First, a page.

9. Walked by last night to what looked like a fully kitted-out restaurant in a cute space; was told it will be opening next week. http://tabledc.com/about/ http://www.popville.com/2012/10/new-restaurant-from-chef-frederik-de-pue-table-coming-to-shaw-looking-to-open-nov-3rd/
  10. Guarapo Lounge closed on Nov. 12 (ArlNow article, Guarapo's Facebook post).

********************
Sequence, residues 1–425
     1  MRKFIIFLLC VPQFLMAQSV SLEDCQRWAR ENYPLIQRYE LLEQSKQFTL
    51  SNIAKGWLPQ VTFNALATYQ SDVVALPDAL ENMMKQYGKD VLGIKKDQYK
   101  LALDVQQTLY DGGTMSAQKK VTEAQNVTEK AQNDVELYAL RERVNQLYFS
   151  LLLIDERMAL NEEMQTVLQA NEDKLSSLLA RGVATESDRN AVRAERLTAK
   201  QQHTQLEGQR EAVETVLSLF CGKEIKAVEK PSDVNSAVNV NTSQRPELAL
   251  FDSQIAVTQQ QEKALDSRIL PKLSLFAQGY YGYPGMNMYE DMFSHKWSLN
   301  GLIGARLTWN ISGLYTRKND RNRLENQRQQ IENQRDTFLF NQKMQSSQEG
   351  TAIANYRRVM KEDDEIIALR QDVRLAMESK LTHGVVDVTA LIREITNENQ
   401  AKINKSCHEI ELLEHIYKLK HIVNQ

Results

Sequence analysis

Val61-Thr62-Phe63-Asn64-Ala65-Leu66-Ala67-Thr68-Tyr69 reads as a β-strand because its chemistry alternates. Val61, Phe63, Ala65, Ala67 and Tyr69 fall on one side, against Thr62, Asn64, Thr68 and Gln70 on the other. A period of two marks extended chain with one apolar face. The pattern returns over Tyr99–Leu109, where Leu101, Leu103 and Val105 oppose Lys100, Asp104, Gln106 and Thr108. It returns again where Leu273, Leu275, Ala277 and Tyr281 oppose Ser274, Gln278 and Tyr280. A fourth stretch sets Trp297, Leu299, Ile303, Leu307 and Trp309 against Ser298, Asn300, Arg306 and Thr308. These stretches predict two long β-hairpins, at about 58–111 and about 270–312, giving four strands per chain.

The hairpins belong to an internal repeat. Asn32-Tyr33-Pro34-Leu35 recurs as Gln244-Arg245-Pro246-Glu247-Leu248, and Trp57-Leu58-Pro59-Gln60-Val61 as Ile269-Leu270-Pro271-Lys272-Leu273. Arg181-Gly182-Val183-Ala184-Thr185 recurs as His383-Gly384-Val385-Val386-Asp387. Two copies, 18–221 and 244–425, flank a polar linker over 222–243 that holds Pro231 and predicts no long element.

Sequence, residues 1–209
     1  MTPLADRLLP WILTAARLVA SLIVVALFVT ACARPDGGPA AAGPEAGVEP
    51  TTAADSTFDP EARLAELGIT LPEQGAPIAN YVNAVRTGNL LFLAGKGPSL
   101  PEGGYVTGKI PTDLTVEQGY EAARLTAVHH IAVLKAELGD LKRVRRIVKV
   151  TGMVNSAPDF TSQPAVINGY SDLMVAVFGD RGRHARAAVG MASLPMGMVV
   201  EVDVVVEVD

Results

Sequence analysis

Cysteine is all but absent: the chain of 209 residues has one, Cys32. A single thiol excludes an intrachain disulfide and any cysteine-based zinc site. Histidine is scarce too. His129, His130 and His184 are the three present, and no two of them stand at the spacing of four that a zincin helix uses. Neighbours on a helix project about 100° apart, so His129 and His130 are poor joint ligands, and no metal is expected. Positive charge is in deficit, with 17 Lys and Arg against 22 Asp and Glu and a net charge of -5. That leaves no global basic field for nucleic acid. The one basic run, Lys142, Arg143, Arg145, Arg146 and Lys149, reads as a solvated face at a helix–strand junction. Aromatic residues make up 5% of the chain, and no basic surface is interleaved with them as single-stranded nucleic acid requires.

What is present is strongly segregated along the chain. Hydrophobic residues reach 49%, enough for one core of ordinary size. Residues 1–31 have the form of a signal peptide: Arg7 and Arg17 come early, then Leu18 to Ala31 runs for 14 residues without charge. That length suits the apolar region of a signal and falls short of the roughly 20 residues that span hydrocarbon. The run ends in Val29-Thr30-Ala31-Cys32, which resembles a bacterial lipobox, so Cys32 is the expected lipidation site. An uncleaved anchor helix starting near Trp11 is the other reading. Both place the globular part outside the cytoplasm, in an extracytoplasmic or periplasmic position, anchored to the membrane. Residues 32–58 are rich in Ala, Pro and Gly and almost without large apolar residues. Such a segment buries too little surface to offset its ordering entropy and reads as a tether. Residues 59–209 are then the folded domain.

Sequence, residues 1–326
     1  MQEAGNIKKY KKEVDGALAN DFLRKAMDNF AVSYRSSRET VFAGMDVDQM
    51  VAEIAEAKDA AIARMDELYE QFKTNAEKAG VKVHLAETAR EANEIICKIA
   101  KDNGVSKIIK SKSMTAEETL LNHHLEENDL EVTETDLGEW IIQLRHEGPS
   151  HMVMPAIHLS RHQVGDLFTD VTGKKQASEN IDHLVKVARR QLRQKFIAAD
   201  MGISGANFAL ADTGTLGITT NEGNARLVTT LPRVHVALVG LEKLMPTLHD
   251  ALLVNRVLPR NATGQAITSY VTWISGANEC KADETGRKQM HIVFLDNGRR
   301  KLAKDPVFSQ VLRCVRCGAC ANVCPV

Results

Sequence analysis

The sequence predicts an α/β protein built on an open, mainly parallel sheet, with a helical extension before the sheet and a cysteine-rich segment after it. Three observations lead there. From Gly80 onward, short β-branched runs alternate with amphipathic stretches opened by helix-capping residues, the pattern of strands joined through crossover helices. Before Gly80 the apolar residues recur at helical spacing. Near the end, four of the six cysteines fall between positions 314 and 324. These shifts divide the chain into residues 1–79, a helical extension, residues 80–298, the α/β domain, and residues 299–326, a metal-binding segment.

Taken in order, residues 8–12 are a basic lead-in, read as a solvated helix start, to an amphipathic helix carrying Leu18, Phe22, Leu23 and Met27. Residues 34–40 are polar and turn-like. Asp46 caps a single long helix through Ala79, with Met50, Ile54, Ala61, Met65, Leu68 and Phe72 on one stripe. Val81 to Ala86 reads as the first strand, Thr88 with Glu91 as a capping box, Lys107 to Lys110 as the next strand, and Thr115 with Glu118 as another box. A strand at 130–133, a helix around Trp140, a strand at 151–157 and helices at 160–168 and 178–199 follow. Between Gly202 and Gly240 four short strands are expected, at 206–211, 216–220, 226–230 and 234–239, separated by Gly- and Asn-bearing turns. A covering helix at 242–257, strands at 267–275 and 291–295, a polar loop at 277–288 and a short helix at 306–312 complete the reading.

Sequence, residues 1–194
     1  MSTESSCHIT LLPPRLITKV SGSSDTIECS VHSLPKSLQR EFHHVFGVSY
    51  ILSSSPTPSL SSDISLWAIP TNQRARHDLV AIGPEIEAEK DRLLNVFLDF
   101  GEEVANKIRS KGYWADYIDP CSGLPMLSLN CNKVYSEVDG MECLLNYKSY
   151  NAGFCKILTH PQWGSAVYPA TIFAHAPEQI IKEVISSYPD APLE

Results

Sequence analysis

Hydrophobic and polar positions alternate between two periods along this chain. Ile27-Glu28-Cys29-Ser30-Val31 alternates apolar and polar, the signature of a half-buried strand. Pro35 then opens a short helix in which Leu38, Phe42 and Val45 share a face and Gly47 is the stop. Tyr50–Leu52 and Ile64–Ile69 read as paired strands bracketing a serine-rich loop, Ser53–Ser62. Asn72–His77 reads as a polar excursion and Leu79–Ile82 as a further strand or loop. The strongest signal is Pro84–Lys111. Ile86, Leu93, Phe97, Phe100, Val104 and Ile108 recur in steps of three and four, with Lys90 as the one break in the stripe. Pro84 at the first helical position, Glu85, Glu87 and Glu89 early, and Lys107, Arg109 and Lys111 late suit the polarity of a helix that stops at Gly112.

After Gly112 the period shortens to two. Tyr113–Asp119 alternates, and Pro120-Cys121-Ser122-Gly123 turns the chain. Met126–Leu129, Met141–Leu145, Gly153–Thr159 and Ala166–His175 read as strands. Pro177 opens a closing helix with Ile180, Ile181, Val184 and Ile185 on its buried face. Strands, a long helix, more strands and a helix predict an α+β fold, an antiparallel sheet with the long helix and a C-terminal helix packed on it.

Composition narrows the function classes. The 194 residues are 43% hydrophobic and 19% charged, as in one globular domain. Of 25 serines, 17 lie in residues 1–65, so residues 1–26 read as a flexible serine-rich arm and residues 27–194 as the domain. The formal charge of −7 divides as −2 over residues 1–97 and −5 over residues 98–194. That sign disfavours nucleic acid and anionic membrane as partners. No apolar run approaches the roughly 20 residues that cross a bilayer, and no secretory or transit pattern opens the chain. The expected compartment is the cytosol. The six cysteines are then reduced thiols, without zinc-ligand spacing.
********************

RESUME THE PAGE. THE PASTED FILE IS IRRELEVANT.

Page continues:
11. I ate dinner last weekend at Sin Fronteras. My Mother and her SO has been raving about the place, so I was glad to get to check it out. The parking lot of this place was packed, which has to be a good sign. My Mom really likes the Margarita Salmon. She told me to get the Chile En Nogoda which is- A toasty poblano pepper, filled with seasoned ground brisket beef combined with raisins and sweet plantains, topped with our delicious, homemade cold creamy Nogada Sauce served with white rice. It was delicious- it had a really good mix of flavors and was savory, but fresh. I thought the combination sounded a bit strange, but it was really good. Not a huge portion, but just right with the chips and salsa and everything else. My Mom got a seafood soup that I tried which was also delicious- it tasted like a latin version of a bouillabaisse. SO had the tilapia which was also very good from the bite I stole. The guac had more cilantro than I like, (but I don't like any cilantro) but was good. The margarita I had was more than acceptable in size. I loved this place, the interior is a bit like a sports bar/diner cross in feel, very casual. The owner was so nice and wanted to make sure we liked everything, which we did. They take a lot of pride in their restaurant and food.